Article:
Is there an art to journaling?

We read in wellbeing magazines and across social media that keeping a daily journal is something that helps us keep grounded, show gratitude and generally support our mental health, helping with prioritising fears, problems and concerns, tracking symptoms day-to-day to help you recognise triggers and learn ways to control them, and provide an opportunity to speak positively and kindly to yourself.  It helps us craft a sense of self and reflection on experiences and self-discovery.  Often the instructions are to write three things that you are grateful for.  Simple.

Only its not. 

Once you’ve written that you’re grateful for having a nice home, or a loving family, or a good job you enjoy, or the smell of coffee first thing in the morning, how soon does it become difficult to find different things to be grateful for?  Its not that we’re any less grateful for those things, but a journal would get pretty dull if the same three things kept cropping up.

Also, persistent journaling could have negative effects as it makes you spend too much time over thinking things, making you a passive observer of your life rather than active participant.  You can become a bit self-obsessed and it could be a place of blame rather than finding solutions, and you could wallow in self-pity.

I have recently started listening to a different podcast about elegance, grace and femininity.  About the second episode in, the narrator actually described, in some detail, how she didn’t really get the point of journaling but started anyway to see what the fuss was all about.  After a while she got the hang of it and via her podcast offered some actual practical guidance how to journal, in a way that works for her at least.  She acknowledges that her style might not suit everyone, but this was the first real example that I’d seen that was actually any use.

She suggests that you write:

  • A love note – what you want to give gratitude for
  • Secret garden – those things that only you know about/think/feel
  • Idea garden – describe dreams, goals, things to strive for
  • “I am…” statement – I am strong / beautiful / bountiful etc
  • Top three things that you want to put your energy into that day
  • 9-1-1 – if you still feel uninspired, identify what’s blocking your thoughts and feelings and speak kindly toward it

She expanded a little bit on the “I am” statements:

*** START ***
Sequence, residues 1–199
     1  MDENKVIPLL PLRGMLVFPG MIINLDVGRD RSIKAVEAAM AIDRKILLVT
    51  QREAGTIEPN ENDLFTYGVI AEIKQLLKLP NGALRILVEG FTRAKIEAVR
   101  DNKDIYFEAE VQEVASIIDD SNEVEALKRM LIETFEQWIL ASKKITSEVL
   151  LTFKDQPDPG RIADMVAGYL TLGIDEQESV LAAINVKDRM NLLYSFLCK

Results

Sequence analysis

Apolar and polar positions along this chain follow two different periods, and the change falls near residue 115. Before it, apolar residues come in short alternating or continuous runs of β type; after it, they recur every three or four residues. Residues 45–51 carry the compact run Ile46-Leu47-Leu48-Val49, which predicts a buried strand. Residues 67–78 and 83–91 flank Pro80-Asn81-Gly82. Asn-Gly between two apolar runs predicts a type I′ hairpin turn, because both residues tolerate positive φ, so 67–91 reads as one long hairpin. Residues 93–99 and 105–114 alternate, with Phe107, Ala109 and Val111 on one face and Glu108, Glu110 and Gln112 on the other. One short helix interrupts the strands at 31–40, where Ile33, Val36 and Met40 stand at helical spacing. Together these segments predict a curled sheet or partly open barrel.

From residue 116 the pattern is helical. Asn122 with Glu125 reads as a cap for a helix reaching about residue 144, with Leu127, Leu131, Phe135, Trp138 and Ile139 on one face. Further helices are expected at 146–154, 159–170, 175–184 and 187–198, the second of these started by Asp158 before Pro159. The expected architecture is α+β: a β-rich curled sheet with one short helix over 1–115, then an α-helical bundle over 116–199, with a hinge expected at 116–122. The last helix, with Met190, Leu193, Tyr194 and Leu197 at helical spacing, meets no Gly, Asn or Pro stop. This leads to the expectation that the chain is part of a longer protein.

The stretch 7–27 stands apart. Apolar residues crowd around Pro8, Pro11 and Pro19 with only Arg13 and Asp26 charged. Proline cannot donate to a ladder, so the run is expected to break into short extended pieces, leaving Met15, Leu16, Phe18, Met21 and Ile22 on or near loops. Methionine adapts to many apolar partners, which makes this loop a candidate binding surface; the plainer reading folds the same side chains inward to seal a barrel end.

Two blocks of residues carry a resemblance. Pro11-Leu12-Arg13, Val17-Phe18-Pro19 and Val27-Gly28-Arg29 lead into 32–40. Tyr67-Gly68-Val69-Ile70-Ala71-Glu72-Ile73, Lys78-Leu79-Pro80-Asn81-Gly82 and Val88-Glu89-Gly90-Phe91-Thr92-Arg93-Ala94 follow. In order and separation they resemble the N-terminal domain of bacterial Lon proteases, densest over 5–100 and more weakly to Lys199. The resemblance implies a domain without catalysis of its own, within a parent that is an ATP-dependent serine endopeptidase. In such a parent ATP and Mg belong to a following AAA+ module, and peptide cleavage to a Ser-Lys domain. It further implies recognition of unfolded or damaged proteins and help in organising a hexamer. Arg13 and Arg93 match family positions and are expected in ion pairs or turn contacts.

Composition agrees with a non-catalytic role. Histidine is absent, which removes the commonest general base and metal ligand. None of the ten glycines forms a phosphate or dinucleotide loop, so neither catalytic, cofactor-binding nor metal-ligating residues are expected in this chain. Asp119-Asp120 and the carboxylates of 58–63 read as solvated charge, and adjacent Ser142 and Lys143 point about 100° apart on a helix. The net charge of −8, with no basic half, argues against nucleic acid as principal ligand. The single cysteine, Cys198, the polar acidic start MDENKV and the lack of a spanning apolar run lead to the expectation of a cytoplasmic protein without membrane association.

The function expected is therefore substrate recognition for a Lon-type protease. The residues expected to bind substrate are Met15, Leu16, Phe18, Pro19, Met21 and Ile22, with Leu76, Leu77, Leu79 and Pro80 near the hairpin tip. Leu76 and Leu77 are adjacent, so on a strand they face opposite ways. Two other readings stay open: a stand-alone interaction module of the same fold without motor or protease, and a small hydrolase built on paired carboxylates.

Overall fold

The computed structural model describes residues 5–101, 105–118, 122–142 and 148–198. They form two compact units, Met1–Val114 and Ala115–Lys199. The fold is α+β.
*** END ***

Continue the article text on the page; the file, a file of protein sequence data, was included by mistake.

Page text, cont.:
• I am deeply grateful for – list three qualities you possess
  • I am proud of myself for – biggest accomplishment this year
  • I forgive myself for – a regret
  • I appreciate my ability to – insert superpower
  • I love my – best physical attribute
  • I am high fiving myself for making it through – insert biggest challenge
  • This time next year I will be thanking myself for – deep desire

This is the first time that I had actually seen an example of journaling, and it made much more sense then.

I have never kept a diary, except for the year that I turned 40.  I wrote in a book everyday anything from the mundane what I had for dinner and the tedium of work to the excitement of fun events and different situations etc.  But I also wrote some heartfelt stuff that I felt I couldn’t say out loud during a year where quite a lot off odd things happened.  I did wonder whether to do it again as I was turning 50 but never got round to it. I started a blog instead, so I guess that counts, although I can’t write everything I think or feel.

I am not sure this is something I intend to do on a regular basis, but it would be interesting to try it using the structure set up above might be interesting.


One thought on “Is there an art to journaling?

  1. Interesting point about wallowing in self obsession 🤔 I think I’d still struggle with some of the pointers she supplies. I’ve tried written ones and soon lose the discipline of making an entry every day. I now have an app on my phone which allows me to enter as and when something pops up, but also offers suggestions of entries to make. Only been doing it a few weeks so unsure whether it’s working 😁


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